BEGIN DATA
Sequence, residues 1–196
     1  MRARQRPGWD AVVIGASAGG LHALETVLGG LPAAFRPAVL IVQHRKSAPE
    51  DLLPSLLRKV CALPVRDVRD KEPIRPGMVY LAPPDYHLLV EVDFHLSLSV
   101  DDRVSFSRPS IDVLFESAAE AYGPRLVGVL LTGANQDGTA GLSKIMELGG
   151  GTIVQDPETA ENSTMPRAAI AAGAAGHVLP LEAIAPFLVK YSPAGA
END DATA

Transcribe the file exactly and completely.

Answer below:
Sequence, residues 1–196
     1  MRARQRPGWD AVVIGASAGG LHALETVLGG LPAAFRPAVL IVQHRKSAPE
    51  DLLPSLLRKV CALPVRDVRD KEPIRPGMVY LAPPDYHLLV EVDFHLSLSV
   101  DDRVSFSRPS IDVLFESAAE AYGPRLVGVL LTGANQDGTA GLSKIMELGG
   151  GTIVQDPETA ENSTMPRAAI AAGAAGHVLP LEAIAPFLVK YSPAGA